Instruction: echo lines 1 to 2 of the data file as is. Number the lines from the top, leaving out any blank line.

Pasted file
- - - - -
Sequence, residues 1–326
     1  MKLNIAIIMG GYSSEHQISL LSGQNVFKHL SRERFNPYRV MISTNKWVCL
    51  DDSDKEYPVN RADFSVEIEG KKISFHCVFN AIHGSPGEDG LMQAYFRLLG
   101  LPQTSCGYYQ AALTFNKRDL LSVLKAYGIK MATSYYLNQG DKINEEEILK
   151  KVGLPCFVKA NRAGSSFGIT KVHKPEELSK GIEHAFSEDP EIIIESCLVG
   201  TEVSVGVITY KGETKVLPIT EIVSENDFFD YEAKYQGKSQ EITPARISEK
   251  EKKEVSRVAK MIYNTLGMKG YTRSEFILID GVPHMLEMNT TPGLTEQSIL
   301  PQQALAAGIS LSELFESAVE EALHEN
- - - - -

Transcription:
Sequence, residues 1–326
     1  MKLNIAIIMG GYSSEHQISL LSGQNVFKHL SRERFNPYRV MISTNKWVCL